# Integral of $e^{-x^2}$ from $-\infty$ to $\infty$

by Jakub Marian Tip: See my list of the Most Common Mistakes in English. It will teach you how to avoid mis­takes with com­mas, pre­pos­i­tions, ir­reg­u­lar verbs, and much more.

In this article, I will give a detailed explanation of why the Gaussian integral is equal to $√\pi$, that is, why the following equality holds:

$$∫_{-∞}^∞ e^{-x^2}\,dx = √\pi$$

The usual way we go about solving a definite integral $∫_a^b f(x)\,dx$ is as follows:

1. Find a primitive function of $f(x)$, i.e. a function $F(x)$ such that $F’(x) = f(x)$.
2. Calculate $\lim_{x→b-} F(x) - \lim_{x→a+} F(x)$.

Unfortunately, this doesn’t work for $∫ e^{-x^2}\,dx$ for a simple reason: There is no combination of elementary functions that differentiates to $e^{-x^2}$ (which follows from the rather advanced Liouville’s theorem). Fortunately, there is a clever trick that will allow us to calculate the value even without looking for a primitive function, and that’s what we will do for the rest of this article.

First, let’s denote $$I = ∫_{-∞}^∞ e^{-x^2}\,dx\,.$$ Obviously, changing the letter denoting the variable will not change the value of the integral (we are still integrating the same function), so $$I = ∫_{-∞}^∞ e^{-y^2}\,dy\,.$$ Multiplying both equations leads to $$I^2 = ∫_{-∞}^∞ e^{-x^2}\,dx ∫_{-∞}^∞ e^{-y^2}\,dy\,.$$ Now, $∫_{-∞}^∞ e^{-x^2}\,dx$ is just a number (a constant), so we can put it inside the second integral: $$I^2 = ∫_{-∞}^∞ e^{-y^2} \l(∫_{-∞}^∞ e^{-x^2}\,dx\r)\,dy\,.$$ However, from the point of view of the integral with respect to $x$, $e^{-y^2}$ is also just a number, so we can put it inside, too: $$I^2 = ∫_{-∞}^∞ ∫_{-∞}^∞ e^{-y^2}e^{-x^2}\,dx\,dy = ∫_{-∞}^∞ ∫_{-∞}^∞ e^{-(x^2+y^2)}\,dx\,dy\,.$$ Now the fun part begins, but we need a little bit of theory of two-dimensional integration. You are probably familiar with the concept of the Riemann integral (or the improved Lebesgue version), which calculates the area under the graph of a function. Under certain conditions that are satisfied in our case (such as when the function is positive and continuous), this area is equal to the definite integral calculated via primitive functions (antiderivatives), so we don’t really have to worry about the interpretation of the integrals above.

Riemann/Lebesgue integration works in the same way in two dimensions (or any number of dimensions, for that matter); only now we are calculating volumes, not areas. Fubini’s theorem tells us that a two-dimensional integral can be split into two one-dimensional ones (if the integral is finite): $$∫_{ℝ^2} f(\mathbf{z})\,d\mathbf{z} = ∫_ℝ \l(∫_ℝ f(x,y)\,dx\r)\,dy = ∫_{-∞}^∞ ∫_{-∞}^∞ f(x,y)\,dx\,dy\,,$$ where the notation $∫_{ℝ^2} f(\mathbf{z})\,d\mathbf{z}$ simply means that we are calculating the volume under the graph of $f$ using the two-dimensional Riemann or Lebesgue integral.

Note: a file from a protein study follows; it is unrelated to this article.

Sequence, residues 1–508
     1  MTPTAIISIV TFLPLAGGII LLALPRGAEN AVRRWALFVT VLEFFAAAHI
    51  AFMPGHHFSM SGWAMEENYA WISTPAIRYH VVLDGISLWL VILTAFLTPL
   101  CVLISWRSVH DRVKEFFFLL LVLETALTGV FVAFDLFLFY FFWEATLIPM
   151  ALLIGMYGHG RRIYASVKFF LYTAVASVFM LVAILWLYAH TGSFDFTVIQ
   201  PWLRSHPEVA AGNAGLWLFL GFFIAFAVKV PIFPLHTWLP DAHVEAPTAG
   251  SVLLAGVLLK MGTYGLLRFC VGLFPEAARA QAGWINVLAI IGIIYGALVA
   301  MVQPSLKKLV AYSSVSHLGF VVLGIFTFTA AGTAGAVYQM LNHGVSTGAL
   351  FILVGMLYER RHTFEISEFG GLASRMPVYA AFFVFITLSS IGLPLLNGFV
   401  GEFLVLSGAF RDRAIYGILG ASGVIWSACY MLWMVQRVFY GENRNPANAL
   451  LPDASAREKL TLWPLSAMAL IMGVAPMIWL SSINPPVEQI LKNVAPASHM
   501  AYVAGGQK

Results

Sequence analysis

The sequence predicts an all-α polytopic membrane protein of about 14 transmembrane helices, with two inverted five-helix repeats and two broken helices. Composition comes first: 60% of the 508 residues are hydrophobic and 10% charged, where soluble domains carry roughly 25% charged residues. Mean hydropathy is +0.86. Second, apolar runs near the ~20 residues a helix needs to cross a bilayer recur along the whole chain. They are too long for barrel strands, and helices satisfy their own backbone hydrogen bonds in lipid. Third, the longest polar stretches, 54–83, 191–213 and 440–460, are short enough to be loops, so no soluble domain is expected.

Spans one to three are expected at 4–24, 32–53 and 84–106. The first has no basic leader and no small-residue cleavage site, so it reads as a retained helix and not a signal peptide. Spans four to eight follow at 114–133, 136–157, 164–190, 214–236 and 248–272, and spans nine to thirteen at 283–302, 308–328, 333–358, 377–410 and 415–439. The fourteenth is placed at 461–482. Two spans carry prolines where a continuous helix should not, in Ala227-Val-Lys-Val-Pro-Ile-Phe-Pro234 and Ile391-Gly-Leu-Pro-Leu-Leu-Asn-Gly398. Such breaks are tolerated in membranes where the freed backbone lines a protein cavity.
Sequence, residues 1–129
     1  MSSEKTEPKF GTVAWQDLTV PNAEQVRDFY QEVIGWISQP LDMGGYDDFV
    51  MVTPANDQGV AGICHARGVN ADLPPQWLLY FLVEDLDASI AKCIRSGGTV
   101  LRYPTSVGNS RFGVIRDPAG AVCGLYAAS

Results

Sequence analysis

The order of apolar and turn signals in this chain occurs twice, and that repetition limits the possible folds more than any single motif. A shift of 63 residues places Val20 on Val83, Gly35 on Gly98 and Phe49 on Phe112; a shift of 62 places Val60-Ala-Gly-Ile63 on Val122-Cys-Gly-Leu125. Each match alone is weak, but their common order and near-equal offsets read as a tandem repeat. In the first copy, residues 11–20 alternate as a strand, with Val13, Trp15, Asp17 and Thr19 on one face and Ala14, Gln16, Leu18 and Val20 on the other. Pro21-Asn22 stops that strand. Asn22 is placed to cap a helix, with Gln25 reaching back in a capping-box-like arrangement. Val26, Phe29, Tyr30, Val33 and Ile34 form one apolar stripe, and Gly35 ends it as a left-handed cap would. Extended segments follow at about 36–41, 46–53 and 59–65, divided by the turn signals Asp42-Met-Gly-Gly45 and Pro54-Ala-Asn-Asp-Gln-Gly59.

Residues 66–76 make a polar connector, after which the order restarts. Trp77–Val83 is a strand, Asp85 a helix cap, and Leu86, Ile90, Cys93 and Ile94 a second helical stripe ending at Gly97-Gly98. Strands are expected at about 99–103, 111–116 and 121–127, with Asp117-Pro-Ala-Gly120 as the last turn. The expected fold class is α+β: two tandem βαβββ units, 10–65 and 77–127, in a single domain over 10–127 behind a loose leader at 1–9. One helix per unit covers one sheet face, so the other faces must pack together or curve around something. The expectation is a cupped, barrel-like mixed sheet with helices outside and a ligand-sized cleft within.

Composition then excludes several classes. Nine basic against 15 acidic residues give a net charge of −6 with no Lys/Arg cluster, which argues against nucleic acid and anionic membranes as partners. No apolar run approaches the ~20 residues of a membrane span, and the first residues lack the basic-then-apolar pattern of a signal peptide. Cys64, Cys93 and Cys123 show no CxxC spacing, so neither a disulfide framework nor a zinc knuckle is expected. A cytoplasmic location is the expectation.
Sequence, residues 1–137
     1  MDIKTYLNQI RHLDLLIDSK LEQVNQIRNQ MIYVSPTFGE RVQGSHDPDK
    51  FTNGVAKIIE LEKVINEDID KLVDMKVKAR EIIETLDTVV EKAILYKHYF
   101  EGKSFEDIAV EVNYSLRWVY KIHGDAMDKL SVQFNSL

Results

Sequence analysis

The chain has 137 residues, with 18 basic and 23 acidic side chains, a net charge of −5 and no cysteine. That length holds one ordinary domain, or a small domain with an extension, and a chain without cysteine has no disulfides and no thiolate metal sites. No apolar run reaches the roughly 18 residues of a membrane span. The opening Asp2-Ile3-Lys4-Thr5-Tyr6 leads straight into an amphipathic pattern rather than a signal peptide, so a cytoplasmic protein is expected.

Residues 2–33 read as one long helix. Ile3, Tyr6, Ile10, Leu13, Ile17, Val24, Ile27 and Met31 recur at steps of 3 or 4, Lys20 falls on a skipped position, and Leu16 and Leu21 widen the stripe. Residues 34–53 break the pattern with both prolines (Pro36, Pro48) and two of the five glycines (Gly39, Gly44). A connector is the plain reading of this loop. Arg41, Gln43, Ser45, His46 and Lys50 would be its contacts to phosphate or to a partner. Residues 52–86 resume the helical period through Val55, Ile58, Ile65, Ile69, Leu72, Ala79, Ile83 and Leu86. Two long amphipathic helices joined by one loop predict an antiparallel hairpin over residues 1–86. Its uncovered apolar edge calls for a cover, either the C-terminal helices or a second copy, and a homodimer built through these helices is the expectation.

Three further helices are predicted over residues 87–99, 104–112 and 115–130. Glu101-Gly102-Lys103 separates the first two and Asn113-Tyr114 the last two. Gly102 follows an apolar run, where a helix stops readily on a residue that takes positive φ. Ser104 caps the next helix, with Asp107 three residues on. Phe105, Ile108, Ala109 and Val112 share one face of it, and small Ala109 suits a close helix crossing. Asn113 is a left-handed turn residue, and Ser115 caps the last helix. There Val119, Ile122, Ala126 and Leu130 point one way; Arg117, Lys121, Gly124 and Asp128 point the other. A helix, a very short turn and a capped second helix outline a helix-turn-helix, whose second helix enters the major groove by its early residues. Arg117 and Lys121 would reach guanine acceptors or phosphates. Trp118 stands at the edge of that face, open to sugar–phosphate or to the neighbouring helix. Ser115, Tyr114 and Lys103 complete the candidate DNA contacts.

Let’s continue our calculation of $I^2$. Using Fubini’s theorem, we can convert the two one-dimensional integrals into just one two-dimensional integral: $$I^2 = ∫_{-∞}^∞ ∫_{-∞}^∞ e^{-(x^2+y^2)}\,dx\,dy = ∫_{ℝ^2} e^{-|\mathbf{z}|^2}\,d\mathbf{z}$$ (we have used the formula $|(x,y)| = √{x^2+y^2}$, which allowed us to write $e^{-(x^2+y^2)} = e^{-|(x,y)|^2} = e^{-|\mathbf z|^2}$).

Now we only need to calculate the two-dimensional integral $∫_{ℝ^2} e^{-|\mathbf{z}|^2}\,d\mathbf{z}$, and we’re done. But wait a minute – didn’t we start with exactly the same kind of integral, namely $∫_{ℝ} e^{-x^2}\,dx$? How is this all helping?

The point is that we can calculate the same integral in different coordinates, in a way that was impossible in one dimensionwe will use the polar coordinate system $\mathbf{z} = (r\cos(φ),r\sin(φ))$, $φ ∈ [0,2\pi)$, $r ∈ [0, ∞)$. The way you calculate volume under the graph of a function $g$ in polar coordinates is as follows: $$\text{volume under }g = ∫_0^∞ ∫_0^{2\pi} g(r,φ)\,r\,dφ\,dr\,.$$ Notice the term $r$ that wasn’t there in the ordinary Cartesian coordinates. Why is it there now? Of course, there are mathematical ways to prove this, but the reason is quite easy to see if you look at the following picture: Imagine you are filling the plane with tiny curved rectangles with sides $\Delta r$ and $r\Delta φ$ (the length of a circular arc is the angle times the radius). The volume under the graph of $g$ is approximately the sum of the values $g(r,φ)$ multiplied by the area of the corresponding rectangle, which is $r\Delta φ\Delta r$. The term $r$ will stay there even if you send $\Delta φ$ and $\Delta r$ to $0$ and get the integral.

Recall that we have arrived at the following equation: $$I^2 = ∫_{ℝ^2} e^{-|\mathbf{z}|^2}\,d\mathbf{z}\,.$$ Luckily, $|\mathbf{z}|^2 = r^2$, so we can calculate the same volume in polar coordinates as $$I^2 = ∫_0^∞ ∫_0^{2\pi} e^{-r^2}r\,dφ\,dr = ∫_0^∞ e^{-r^2}r ∫_0^{2\pi} 1\,dφ\,dr = 2\pi ∫_0^∞ e^{-r^2}r\,dr\,.$$ Thanks to the $r$ we now have in the integral, we can use a simple substitution $s = r^2$: $$I^2 = 2\pi ∫_0^∞ \frac{1}{2}e^{-s}\,ds = \pi\l[-e^{-s}\r]_0^∞ = \pi\,.$$ And that’s the end of our journeywe can only conclude that $$I = √\pi\,.$$

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